Be My Guest. . .

Dear Readers-This is one of my anonymous, fast, marathon running friends, enjoy. . . I certainly did!

Running Past 40

I will never admit to it in person, but I am “running past 40” too. Sometimes I am running from the reality of it, and other times, I am proud to be running at this age.

Currently, I am running 35-40 miles/week. In off seasons, I run about 25 miles a week- all road running.

Why do I do it? Why do I subject my body and brain to the physical challenge, strain, victory and defeat? I work full time, am active in the community, have children, and have a marriage that needs to come high on my list of priorities. I certainly don’t do it because I have time on my hands.

I run because there is victory with almost every run. Each time I fight the urge to go back to bed at 5am or earlier, I win because I still run. I can face myself the rest of the day knowing I did something good for my body and spirit. I can see the sunrise and experience the world waking. Each time I am tired at the end of the day, and I run anyways, I win! My heart, and my muscles work and I am strong- no matter my speed.

I run because I can. God has blessed me with legs that do as my brain commands, with a heart that pumps, with feet that strategically take the next step over various terrain without thought, and with lungs that work hard filling my body with life. Almost every run, I am thankful for 2 legs that function, and my heart that beats. You see, I have a heart condition, which is medicated, but it means that I have to know my body well and know how it will react to a change in pace or terrain. At this point, running helps keep my heart healthy.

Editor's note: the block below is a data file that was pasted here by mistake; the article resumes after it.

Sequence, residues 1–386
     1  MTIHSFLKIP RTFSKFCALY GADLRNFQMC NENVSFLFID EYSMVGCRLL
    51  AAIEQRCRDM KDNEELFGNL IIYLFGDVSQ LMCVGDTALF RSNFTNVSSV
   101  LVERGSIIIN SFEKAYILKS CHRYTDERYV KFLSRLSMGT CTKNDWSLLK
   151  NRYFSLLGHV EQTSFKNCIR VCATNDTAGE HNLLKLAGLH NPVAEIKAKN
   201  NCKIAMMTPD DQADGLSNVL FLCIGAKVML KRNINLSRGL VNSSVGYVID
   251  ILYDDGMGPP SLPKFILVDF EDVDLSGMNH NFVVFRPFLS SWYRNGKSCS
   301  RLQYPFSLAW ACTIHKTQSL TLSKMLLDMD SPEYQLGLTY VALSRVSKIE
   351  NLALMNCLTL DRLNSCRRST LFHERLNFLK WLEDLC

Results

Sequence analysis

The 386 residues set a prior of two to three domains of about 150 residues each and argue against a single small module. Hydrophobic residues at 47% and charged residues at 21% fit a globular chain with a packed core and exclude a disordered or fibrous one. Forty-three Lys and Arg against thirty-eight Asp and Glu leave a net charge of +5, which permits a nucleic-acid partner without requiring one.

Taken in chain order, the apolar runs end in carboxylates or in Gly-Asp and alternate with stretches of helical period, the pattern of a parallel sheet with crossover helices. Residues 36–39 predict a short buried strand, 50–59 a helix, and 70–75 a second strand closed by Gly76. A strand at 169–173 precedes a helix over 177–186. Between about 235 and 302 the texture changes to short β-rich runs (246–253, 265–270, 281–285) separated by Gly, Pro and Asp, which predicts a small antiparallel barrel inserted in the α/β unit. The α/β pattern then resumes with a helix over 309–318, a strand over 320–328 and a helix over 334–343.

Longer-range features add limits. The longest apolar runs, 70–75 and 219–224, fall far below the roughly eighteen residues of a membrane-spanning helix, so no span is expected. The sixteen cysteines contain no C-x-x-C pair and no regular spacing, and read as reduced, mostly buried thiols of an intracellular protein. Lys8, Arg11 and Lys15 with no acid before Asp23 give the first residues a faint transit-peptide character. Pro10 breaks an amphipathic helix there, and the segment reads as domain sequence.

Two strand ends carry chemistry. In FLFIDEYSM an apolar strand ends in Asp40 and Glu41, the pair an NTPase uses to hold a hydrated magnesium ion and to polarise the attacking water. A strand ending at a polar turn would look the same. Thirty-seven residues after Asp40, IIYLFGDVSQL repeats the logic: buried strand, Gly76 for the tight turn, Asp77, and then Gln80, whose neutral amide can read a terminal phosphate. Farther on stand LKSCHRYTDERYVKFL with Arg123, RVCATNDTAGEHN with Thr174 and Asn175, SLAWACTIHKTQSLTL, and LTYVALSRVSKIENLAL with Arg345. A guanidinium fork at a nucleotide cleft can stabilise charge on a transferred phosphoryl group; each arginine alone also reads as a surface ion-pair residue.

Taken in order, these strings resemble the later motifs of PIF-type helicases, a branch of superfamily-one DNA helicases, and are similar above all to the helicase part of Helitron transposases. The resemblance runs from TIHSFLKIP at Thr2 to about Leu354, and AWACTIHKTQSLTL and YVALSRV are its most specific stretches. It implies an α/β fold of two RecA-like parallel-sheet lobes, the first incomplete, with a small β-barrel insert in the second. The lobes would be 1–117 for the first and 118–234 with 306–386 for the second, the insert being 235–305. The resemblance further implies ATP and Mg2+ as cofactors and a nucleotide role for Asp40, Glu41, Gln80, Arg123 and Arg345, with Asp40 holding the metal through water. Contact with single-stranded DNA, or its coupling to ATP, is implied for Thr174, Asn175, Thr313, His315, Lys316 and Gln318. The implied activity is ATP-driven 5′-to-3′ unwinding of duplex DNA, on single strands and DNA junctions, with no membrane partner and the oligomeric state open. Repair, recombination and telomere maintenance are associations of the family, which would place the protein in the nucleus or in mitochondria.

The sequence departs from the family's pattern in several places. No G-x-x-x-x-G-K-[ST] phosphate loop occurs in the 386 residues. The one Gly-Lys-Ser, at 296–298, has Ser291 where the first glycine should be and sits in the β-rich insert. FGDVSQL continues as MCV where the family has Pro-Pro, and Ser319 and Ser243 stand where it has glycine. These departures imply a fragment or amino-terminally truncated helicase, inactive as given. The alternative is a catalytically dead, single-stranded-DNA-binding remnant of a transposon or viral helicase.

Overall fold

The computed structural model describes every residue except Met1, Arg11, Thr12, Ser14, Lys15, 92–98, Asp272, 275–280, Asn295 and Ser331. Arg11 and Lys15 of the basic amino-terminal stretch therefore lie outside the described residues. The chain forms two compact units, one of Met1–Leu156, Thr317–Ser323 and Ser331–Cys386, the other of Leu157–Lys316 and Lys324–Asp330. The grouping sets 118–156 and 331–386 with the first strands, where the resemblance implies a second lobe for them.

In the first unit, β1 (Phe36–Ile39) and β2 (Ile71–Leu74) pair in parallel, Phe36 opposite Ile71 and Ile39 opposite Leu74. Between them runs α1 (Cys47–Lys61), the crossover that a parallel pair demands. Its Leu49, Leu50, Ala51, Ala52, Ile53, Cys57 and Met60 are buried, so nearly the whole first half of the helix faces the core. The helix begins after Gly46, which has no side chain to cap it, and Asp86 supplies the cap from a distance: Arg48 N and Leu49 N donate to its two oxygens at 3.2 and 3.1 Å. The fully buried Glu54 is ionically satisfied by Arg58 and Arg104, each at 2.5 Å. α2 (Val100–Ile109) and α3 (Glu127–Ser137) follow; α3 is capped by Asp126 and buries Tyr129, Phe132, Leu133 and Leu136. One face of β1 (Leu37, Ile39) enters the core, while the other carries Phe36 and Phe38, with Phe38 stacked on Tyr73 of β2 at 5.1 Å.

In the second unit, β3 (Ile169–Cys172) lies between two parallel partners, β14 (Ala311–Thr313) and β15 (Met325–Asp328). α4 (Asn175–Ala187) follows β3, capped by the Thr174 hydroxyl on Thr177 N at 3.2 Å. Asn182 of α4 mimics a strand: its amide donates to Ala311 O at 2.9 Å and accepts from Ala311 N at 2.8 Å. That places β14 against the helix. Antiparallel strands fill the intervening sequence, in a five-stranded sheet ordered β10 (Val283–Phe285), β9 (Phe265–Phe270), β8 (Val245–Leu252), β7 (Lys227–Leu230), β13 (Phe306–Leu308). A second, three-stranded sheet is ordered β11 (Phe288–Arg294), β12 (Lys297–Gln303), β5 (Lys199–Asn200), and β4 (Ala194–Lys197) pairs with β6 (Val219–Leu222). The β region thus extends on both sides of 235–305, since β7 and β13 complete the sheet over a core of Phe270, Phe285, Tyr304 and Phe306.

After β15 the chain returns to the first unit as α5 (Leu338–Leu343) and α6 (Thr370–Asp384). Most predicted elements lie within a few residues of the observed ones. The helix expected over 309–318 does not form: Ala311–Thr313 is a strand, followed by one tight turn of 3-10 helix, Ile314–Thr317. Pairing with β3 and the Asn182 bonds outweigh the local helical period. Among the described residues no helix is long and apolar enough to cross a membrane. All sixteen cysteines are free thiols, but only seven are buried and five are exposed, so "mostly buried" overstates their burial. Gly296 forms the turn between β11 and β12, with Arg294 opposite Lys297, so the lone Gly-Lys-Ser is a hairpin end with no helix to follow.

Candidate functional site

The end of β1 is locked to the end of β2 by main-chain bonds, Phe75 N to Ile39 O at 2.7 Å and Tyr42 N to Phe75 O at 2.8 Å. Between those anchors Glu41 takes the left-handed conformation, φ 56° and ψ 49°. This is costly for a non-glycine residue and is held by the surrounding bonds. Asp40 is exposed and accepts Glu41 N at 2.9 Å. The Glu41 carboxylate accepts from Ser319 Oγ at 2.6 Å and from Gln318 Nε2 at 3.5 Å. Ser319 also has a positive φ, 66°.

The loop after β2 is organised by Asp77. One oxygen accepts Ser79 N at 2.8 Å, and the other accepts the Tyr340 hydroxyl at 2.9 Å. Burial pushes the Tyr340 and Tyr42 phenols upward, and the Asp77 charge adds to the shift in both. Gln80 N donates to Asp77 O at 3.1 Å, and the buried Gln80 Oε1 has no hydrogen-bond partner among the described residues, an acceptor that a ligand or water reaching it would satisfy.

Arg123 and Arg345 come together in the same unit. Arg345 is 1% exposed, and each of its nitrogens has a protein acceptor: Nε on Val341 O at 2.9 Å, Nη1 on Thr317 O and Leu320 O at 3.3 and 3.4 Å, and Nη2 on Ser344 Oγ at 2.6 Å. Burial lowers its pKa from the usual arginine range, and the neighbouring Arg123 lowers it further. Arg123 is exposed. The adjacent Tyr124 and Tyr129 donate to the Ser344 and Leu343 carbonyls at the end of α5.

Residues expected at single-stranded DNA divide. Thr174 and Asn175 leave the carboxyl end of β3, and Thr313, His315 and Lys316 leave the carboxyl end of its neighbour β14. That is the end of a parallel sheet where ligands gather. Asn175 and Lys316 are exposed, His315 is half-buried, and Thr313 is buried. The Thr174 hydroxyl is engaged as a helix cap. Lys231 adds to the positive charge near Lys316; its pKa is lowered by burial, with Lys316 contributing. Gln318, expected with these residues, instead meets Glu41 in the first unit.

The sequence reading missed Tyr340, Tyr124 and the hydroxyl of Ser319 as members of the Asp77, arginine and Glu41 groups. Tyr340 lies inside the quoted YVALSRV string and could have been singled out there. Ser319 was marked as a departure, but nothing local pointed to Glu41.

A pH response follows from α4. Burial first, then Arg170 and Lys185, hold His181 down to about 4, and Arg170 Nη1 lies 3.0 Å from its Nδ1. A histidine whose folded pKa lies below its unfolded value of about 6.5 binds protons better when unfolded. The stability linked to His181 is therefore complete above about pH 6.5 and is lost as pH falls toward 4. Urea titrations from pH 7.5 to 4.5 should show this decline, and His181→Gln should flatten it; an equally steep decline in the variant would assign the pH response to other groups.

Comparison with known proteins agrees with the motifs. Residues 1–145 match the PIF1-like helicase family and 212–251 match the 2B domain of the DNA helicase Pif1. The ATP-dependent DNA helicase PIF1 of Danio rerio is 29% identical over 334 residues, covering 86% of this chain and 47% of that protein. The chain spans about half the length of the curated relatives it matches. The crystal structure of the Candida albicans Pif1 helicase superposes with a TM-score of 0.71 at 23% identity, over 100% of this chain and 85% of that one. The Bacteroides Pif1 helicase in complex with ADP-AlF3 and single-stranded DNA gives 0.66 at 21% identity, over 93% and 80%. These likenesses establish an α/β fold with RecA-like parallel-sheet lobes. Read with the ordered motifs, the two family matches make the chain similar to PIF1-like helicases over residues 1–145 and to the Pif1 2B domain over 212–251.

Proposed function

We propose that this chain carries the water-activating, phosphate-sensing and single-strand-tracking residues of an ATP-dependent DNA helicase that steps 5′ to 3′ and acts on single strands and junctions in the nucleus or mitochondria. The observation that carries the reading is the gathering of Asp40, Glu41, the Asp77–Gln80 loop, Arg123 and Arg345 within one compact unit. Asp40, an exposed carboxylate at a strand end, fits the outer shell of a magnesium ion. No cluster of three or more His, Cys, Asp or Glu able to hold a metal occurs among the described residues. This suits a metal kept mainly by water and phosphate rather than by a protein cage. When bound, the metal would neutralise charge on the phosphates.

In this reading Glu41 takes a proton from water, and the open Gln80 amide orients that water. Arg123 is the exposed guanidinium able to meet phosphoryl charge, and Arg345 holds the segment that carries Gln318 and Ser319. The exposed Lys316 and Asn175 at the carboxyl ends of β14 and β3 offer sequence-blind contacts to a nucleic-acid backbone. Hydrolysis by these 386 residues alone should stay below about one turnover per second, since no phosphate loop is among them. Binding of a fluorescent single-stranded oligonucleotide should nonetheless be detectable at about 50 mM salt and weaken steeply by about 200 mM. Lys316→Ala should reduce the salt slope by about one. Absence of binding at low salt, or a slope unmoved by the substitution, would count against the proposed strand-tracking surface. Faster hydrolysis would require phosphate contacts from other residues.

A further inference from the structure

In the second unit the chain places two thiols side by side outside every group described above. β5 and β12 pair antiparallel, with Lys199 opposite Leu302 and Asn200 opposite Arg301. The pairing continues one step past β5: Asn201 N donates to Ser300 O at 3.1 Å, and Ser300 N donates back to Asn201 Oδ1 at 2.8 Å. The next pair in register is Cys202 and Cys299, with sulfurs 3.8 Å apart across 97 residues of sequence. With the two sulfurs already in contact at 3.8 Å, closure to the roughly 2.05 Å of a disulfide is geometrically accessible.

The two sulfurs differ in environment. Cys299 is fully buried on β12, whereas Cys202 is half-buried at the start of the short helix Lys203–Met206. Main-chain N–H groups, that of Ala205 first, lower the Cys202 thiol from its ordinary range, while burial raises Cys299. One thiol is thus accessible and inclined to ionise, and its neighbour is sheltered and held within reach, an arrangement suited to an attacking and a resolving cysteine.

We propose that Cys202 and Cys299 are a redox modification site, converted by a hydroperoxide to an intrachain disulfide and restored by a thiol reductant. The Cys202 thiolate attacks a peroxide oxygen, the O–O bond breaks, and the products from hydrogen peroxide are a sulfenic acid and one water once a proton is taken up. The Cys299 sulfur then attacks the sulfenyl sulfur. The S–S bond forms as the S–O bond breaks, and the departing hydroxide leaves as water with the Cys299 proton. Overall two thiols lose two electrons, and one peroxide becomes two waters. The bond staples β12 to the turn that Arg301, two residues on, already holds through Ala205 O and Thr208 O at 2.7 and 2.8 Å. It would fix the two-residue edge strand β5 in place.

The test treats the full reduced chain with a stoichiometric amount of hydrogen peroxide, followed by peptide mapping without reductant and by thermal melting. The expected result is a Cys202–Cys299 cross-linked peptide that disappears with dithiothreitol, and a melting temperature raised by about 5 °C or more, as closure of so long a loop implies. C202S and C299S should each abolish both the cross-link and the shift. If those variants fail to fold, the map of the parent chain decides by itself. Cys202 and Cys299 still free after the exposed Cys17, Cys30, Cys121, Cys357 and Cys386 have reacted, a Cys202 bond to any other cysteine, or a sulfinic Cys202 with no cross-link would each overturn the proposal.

I run because it helps me feel physically and mentally strong. My children and husband take pride in my abilities- I kind of like that. I have hit running goals I never thought possible. My body has done more distance and speed than I ever dreamed.

Studies show long-term physical benefits of running and I am all about denying my age, most of the time. (Run to Stay Young: http://well.blogs.nytimes.com/2014/12/03/run-to-stay-young/?_r=0 , Running Slows the Aging Clock: http://med.stanford.edu/news/all-news/2008/08/running-slows-the-aging-clock-stanford-researchers-find.html )

Lastly, I run because of the running community. I have found that female runners are strong, successful, ambitious, amazing, mostly positive women. (You have to be pretty ambitious and positive to do this sport.) We encourage each other. We are shaped differently, have different strengths, have different goals, run at different speeds, have different capabilities. The differences go away and we become a team. I have deep respect for my female running friends. They don’t quit, they persevere, consistent in training and in encouragement.

“Surround yourself with people that reflect who you want to be and how you want to feel. Energies are contagious.” – Rachel Wolchin

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